Subjects and methods

We used data and samples from participants of the Birth to Twenty (Bt20) study that have been described in detail elsewhere.12 Written assent was obtained from all adolescents in conjunction with written consent from caregivers, prior to a blood sample collection. This study was approved by the Human Research Ethics Committee of the University of the Witwatersrand (certificate number M010556). The participants in the Bt20 cohort are South Africans who self-identified as Sotho speakers (that is, of southeastern Bantu-speaking descent), thus belonging to the Niger-Kordofanian ethno-linguistic group. A subset of individuals (43%, n=990) from the Bt20 cohort were randomly selected for this study, and consisted of 524 (53%) female and 466 (47%) male adolescents, with a mean (±s.d.) age of 13.7±0.2 years. Anthropometric measurements were obtained by using standard methods13 and pubertal stage was assessed by using a validated self-assessment method.14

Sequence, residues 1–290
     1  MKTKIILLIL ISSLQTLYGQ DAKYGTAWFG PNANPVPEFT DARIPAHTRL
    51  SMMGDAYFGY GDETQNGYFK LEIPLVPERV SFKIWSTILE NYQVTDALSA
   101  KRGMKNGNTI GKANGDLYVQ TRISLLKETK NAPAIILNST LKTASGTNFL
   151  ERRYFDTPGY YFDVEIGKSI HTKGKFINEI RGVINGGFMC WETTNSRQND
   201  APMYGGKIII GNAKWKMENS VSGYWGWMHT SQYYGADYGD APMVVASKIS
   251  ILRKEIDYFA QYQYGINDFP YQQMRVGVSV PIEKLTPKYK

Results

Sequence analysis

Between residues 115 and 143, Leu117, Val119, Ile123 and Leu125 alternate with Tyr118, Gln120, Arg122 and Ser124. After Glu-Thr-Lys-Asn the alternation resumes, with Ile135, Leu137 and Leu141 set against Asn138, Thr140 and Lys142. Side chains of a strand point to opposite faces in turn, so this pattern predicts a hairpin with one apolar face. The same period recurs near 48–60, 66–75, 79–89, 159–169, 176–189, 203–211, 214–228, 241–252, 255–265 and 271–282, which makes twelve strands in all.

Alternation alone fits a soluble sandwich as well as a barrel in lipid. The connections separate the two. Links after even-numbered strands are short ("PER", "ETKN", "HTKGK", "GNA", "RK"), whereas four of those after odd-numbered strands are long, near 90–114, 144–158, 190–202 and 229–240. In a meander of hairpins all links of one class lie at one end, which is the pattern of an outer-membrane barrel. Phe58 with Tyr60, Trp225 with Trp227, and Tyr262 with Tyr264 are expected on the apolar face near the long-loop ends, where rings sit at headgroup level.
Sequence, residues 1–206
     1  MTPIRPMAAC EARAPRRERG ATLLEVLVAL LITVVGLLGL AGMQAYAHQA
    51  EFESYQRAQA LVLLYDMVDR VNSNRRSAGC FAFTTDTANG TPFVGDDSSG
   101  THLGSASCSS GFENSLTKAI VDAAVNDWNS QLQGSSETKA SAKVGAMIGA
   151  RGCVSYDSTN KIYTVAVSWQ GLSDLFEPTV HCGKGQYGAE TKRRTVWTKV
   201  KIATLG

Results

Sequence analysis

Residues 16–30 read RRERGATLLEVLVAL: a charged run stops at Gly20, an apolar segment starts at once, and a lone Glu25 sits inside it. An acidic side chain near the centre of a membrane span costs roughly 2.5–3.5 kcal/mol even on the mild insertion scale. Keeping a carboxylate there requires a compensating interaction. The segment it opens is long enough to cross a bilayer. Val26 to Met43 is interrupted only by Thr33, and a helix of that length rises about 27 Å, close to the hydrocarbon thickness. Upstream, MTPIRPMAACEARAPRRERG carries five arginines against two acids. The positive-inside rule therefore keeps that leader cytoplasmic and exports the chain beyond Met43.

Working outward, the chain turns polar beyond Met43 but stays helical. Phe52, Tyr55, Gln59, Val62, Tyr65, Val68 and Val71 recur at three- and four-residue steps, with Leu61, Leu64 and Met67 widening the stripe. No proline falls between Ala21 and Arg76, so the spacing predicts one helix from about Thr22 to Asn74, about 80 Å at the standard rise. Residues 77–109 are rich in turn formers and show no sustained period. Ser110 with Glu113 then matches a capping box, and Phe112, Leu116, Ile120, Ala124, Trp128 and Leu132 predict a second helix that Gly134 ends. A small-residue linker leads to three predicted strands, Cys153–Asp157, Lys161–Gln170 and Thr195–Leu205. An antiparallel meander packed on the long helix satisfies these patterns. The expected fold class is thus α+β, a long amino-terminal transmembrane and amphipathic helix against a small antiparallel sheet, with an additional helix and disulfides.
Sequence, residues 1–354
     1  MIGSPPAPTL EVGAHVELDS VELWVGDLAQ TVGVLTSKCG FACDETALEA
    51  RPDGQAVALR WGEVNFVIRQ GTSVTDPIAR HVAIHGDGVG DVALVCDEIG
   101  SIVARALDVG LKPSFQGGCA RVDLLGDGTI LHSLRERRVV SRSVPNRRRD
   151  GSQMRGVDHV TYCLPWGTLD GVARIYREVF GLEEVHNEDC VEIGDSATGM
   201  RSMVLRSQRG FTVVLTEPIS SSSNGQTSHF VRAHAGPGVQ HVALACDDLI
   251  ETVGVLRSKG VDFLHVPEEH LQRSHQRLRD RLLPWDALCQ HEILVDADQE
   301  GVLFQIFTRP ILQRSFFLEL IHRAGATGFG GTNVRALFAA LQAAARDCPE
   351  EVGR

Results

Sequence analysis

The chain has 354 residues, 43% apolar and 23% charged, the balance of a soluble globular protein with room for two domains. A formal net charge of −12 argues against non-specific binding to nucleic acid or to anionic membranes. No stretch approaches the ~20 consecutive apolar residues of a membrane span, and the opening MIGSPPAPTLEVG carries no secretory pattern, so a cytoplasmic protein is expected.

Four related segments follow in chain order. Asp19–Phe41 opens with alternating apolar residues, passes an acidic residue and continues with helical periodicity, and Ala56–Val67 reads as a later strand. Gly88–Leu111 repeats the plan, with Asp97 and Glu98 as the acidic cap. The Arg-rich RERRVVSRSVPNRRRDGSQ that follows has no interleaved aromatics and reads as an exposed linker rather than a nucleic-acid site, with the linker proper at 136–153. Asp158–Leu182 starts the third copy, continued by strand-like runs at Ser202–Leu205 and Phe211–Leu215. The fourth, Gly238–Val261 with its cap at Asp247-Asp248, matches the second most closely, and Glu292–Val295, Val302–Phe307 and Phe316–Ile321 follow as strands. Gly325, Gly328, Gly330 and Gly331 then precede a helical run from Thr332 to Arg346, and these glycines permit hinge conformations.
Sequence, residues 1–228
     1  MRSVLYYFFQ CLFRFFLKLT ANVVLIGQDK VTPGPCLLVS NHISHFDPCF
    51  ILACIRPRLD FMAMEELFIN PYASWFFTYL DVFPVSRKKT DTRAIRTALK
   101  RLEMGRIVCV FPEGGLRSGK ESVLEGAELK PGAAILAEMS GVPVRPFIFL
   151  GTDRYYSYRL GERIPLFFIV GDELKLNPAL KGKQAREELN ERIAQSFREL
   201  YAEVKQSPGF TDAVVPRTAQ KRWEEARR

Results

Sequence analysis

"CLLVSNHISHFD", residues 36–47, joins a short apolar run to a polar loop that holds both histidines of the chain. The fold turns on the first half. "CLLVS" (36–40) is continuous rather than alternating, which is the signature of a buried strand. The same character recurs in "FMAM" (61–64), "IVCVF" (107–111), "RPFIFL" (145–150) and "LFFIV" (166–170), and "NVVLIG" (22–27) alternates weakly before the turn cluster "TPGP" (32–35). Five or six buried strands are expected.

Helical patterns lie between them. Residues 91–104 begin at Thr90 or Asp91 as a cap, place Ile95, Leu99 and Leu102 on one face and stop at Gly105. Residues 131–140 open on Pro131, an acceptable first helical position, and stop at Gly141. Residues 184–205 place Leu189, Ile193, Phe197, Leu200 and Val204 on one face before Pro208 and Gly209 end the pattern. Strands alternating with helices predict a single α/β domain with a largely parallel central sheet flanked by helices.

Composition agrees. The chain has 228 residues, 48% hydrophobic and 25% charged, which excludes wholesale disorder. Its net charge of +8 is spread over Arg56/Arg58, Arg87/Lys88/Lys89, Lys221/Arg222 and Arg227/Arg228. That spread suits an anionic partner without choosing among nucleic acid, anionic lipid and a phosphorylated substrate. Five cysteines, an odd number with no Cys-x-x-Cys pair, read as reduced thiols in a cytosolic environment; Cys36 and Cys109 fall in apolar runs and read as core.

SNPs previously associated with BMI9, 10, 11 were selected for analysis, and include rs2568958 near NEGR1, rs6548238 near TMEM18, rs10938397 near GNPDA2, rs10769908 in STK33, rs10838738 in MTCH2 and rs7498665 in SH2B1. Genotyping was performed using the GoldenGate VeraCode assay (Illumina, San Diego, CA, USA). Internal quality control was performed on all raw genotype data according to the supplier’s specifications using the genotyping module of BeadStudio (Framework version 3.1.3.0; Illumina). Further quality control filters based on minor allele frequency (MAF<0.01) and Hardy–Weinberg equilibrium (HWE<0.05) were used as exclusion criteria. Ancestry information markers previously genotyped in this cohort show no significant population structure within the cohort.8